Among the many changes to retirement plans made by the SECURE 2.0 legislation are changes meant to encourage more employers to adopt retirement plans for their employees. Additionally there are provisions simplifying many rules of operating plans and provisions encouraging employees to participate and save for retirement. This article will discuss a couple of provisions encouraging employers to adopt plans.
Changes to Credit for Startup Expenses of Small Employers. The original SECURE Act of 2019 drastically increased the employer credit for employers with 100 or fewer employees adopting a new retirement plan. It increased the amount of credit for startup costs and provided the credit could be taken in the first 3 years of the plan. Beginning in 2019 the credit was 50% of the startup expenses up to the lesser of $5,000 or $250 for each eligible nonhighly compensated employee.
SECURE 2.0 changes the credit for employers with up to 50 employees for taxable years beginning after 2022. It increases the percentage to 100% of the startup costs. In addition, SECURE 2.0 creates an additional credit based on the amount of employer contributions to plans other than defined benefit plans. The credit is a percentage of the amount contributed for employees who make less than $100,000, up to $1,000 per employee. The percentage of contributions is 100% for the first two years of the plan but drops by 25% for the next three years with no credit available after the fifth year of the plan. The full credit is available to employers with 50 or fewer employees but is phased out for employers with 51 to 100 employees.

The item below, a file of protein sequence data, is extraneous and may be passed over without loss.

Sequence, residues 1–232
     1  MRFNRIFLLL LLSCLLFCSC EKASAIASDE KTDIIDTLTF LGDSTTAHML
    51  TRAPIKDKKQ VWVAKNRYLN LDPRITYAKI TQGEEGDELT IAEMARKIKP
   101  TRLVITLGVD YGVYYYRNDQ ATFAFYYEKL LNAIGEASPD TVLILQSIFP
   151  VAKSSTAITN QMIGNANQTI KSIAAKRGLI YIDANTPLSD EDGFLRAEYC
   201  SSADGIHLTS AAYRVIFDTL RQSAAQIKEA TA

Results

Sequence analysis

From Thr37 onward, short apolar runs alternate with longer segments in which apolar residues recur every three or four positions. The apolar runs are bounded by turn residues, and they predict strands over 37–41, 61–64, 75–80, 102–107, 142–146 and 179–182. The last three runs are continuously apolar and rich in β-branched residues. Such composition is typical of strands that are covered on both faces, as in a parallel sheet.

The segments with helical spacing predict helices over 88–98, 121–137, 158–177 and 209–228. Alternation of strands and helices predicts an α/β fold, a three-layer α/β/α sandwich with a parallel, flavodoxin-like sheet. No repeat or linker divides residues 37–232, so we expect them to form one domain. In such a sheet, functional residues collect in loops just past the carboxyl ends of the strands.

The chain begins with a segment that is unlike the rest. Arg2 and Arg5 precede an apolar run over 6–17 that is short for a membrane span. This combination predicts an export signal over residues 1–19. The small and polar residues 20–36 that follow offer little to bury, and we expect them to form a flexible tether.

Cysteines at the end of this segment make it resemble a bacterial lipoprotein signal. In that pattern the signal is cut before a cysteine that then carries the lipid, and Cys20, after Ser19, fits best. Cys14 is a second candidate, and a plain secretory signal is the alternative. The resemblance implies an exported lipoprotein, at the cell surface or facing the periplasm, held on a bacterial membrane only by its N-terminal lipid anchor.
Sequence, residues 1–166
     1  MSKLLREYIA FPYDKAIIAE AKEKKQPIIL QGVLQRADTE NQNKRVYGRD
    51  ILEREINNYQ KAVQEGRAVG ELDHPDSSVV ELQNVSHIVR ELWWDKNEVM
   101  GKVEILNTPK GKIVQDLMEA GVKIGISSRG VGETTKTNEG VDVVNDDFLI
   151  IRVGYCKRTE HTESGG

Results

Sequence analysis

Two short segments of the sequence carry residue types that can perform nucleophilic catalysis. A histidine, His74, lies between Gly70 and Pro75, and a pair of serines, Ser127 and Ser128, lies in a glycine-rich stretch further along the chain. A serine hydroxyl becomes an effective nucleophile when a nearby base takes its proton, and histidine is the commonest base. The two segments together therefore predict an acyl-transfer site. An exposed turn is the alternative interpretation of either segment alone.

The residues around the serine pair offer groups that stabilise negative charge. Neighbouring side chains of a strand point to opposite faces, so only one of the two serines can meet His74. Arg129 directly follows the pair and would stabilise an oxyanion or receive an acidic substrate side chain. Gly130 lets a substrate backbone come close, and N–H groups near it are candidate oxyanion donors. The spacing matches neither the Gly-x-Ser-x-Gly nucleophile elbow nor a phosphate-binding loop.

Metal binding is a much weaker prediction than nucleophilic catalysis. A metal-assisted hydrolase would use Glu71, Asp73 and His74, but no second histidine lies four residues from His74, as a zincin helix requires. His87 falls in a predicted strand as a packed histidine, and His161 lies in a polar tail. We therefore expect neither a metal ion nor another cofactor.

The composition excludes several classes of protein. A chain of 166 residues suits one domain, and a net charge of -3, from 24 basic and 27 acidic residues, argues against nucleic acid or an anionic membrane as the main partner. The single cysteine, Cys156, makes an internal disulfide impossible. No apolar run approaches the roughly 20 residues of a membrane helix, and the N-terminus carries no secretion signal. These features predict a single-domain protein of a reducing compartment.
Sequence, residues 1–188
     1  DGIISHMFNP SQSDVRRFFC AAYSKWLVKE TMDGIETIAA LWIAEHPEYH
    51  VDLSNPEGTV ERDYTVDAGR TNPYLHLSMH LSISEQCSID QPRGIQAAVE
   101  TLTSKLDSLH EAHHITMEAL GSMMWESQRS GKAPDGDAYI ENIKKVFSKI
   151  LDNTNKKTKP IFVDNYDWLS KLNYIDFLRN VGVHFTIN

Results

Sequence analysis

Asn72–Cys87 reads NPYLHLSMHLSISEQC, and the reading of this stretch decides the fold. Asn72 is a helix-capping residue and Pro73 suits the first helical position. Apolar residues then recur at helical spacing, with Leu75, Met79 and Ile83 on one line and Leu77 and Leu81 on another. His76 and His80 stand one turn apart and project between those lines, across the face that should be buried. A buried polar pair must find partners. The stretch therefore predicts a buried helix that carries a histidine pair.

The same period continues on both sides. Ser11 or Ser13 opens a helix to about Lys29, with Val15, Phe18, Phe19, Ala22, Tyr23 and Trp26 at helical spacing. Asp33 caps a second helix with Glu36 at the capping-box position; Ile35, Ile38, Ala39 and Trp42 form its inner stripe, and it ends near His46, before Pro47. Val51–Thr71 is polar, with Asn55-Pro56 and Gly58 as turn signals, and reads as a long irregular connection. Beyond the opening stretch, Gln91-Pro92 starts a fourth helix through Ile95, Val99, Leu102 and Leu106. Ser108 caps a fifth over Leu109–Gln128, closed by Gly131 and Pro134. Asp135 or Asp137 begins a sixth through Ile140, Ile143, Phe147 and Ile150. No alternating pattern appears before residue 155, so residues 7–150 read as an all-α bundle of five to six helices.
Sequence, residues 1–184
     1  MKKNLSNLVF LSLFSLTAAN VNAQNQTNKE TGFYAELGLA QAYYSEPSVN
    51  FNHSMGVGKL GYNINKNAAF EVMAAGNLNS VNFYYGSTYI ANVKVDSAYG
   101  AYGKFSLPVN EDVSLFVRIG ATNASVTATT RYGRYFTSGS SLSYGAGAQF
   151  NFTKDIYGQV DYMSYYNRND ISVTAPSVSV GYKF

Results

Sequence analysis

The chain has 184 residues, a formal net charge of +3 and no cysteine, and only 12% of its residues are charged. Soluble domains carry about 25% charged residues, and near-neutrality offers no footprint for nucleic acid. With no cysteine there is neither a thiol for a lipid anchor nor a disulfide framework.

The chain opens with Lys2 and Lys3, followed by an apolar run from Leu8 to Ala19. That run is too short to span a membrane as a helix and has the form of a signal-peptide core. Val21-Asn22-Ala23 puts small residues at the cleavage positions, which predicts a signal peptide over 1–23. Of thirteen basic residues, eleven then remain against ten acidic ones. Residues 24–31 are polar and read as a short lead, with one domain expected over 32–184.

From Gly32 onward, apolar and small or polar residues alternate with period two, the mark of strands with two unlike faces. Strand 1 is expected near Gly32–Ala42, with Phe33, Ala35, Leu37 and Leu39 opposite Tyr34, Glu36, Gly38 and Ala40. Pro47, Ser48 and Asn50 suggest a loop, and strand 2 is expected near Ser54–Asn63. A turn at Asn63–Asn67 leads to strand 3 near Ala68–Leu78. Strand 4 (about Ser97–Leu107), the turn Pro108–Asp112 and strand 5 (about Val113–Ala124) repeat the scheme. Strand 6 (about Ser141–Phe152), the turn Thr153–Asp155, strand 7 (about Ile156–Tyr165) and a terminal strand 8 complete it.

The Act clarifies that the credit is available for employers who join an existing Multiple Employer Plan including Pooled Employer Plans.
Starter Plans. Effective after 2023, Employers who don’t offer a retirement plan can adopt a “Starter” 401(k) or safe harbor 403(b) plan that only permits employee elective deferrals. The plan must auto-enroll all employees with a 3% to 15% deferral rate. The elective deferrals would be limited to the IRA limits (currently $6,500 with a $1,000 age 50 catch-up). Such plans would not be subject to nondiscrimination or top heavy testing which many employers see as deterrents to adopting a plan.
Conclusion. Millions of Americans do not have access to a retirement plan at work. The credits and starter plans are both aimed at increasing the ability of Americans to save for retirement at work by providing incentives for employers to adopt retirement plans. Whether it works remains to be seen.